Mr. Straw: I am grateful to the right hon. Member for Berwick-upon-Tweed (Mr. Beith) and to his party for their support for the overall approach that we have taken. He asked me a number of questions. He mentioned Germany. It must be acknowledged that refugee flows are never symmetrical. The number of refugees who seek access to any individual country in Europe has a great deal to do with historic and geographical ties. It is a matter of history that there are already 170,000 refugees from Kosovo in the German Republic: that is getting on for a tenth of the total population of Kosovo Albanians. Germany was bound to be able to offer many more refugee places because many of the refugees can stay with members of their family, and because there was great pressure in Germany for that country to receive refugees. I repeat what the Prime Minister said in Prime Minister's questions. We must judge the United Kingdom's contribution to humanitarian relief in this country and in the Kosovo region as a whole, and that stands comparison with any other country in the world.

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The right hon. Gentleman asked whether there is sufficient support for the missions in Skopje and Tirana. I pay tribute to the huge effort of officials from the Foreign Office and the Department for International Development. However, they can always do with more support, and we are aiming to give them that by way of the Home Office team that is going out to Macedonia shortly.

Every effort is being put into the investigation of war crimes. On the issue of reimbursement of expenditure by local authorities, the details are being worked out at the moment. I said in my statement that the additional costs of local authorities and the voluntary sector would be reimbursed by central Government.

Ann Clwyd (Cynon Valley): I am sure that there will be overwhelming support from the British people for the Government's decision to admit refugees in larger numbers than previously. The British people are keen on that idea, and many of them have signified that they want to welcome refugees into their own homes.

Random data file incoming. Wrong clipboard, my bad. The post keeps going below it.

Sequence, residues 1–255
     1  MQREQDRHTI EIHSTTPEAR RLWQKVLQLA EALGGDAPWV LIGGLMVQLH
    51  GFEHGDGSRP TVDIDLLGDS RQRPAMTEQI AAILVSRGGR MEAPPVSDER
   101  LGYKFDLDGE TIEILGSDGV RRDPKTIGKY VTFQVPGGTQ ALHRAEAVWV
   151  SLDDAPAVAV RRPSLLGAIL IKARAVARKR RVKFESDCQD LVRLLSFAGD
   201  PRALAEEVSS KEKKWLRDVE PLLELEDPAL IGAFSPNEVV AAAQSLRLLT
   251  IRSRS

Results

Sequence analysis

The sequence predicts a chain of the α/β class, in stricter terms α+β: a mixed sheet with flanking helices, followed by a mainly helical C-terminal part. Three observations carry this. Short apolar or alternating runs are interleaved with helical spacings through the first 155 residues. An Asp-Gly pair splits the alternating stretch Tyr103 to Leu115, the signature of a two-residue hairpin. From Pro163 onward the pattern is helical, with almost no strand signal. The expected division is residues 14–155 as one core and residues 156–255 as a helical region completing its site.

What is the status of the 10,000 Kosovo refugees who have already come into this country? How many of them have been given refugee status? If it is a small number, can consideration of the other cases be speeded up? When I was in Albania last week, I was told by our embassy that it was granting no visas for refugees to this country. Will my right hon. Friend look into that matter, because I was also told that refugees seeking visas were being sent to Istanbul? That sounds ridiculous, and there must be an explanation. I should be grateful if my right hon. Friend would comment on those two points.

Mr. Straw: I thank my hon. Friend for her remarks. No new decision has been taken to admit larger numbers than have previously been admitted. The original decision that we would take some thousands of refugees was made at the beginning of April. We have merely sought to bring the arrangements consistent with that policy into play.

My hon. Friend asked about the status of the 10,000 or so people who have claimed asylum on the basis that they are from Kosovo and are ethnic Albanians. From recollection--I am happy to write to my hon. Friend--between 3,000 and 4,000 of that 10,000 have been granted either asylum status or exceptional leave to remain, and we are making arrangements to speed up the consideration of the other cases. Consideration of those cases is bound to be more complicated than the granting of exceptional leave to remain to those nominated by the UNHCR. Sadly, although a high proportion of those who claim that they are ethnic Albanians from Kosovo and are in need of protection under the 1951 Geneva convention on refugees, a number of others are not, as claimed, from Kosovo but are either Albanians who have no basis of claim under the 1951 convention or come from other parts of the region. We must ensure that the genuine applicants who meet the criteria are separated from those who are either genuine but do not meet the convention criteria or who are abusive and fraudulent applicants.

My hon. Friend expressed concerns about our post in Albania, and I shall certainly follow those up.

Mr. John Wilkinson (Ruislip-Northwood): When I raised this issue on Monday, the Home Secretary said that

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the United Kingdom stood ready to accept some thousands of refugees. May I point out to him that, before the exodus began, my local authority sent me a communication stating that it was already under refugee pressures that it could not sustain?

While the British people's hospitality is wholly commendable, may I say to the Home Secretary that this crisis was entirely predictable? From the time when the first bomb dropped, a mass exodus was to be expected. I suggested to the right hon. Gentleman that Her Majesty's Government ought to prepare plans on the scale of the dispositions made to receive refugees from Idi Amin's Uganda, but that clearly has not been done. Will he now reassure us that the efflux will be spread around the United Kingdom, and that hard-pressed London boroughs that can already barely cope will not have to bear an excessive burden?